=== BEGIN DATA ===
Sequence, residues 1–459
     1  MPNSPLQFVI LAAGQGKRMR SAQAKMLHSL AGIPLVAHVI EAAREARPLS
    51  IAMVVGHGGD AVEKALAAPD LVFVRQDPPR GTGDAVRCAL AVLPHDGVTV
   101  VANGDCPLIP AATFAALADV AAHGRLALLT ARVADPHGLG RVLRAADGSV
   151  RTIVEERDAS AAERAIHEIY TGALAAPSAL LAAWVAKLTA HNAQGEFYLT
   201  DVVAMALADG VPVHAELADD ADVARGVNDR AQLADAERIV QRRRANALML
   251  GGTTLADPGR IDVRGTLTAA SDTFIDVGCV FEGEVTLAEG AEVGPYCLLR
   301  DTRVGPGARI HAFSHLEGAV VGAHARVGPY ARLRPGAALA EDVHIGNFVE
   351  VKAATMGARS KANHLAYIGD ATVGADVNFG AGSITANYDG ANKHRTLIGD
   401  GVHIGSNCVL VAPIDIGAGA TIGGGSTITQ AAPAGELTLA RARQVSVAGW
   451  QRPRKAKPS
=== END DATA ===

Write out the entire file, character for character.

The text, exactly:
Sequence, residues 1–459
     1  MPNSPLQFVI LAAGQGKRMR SAQAKMLHSL AGIPLVAHVI EAAREARPLS
    51  IAMVVGHGGD AVEKALAAPD LVFVRQDPPR GTGDAVRCAL AVLPHDGVTV
   101  VANGDCPLIP AATFAALADV AAHGRLALLT ARVADPHGLG RVLRAADGSV
   151  RTIVEERDAS AAERAIHEIY TGALAAPSAL LAAWVAKLTA HNAQGEFYLT
   201  DVVAMALADG VPVHAELADD ADVARGVNDR AQLADAERIV QRRRANALML
   251  GGTTLADPGR IDVRGTLTAA SDTFIDVGCV FEGEVTLAEG AEVGPYCLLR
   301  DTRVGPGARI HAFSHLEGAV VGAHARVGPY ARLRPGAALA EDVHIGNFVE
   351  VKAATMGARS KANHLAYIGD ATVGADVNFG AGSITANYDG ANKHRTLIGD
   401  GVHIGSNCVL VAPIDIGAGA TIGGGSTITQ AAPAGELTLA RARQVSVAGW
   451  QRPRKAKPS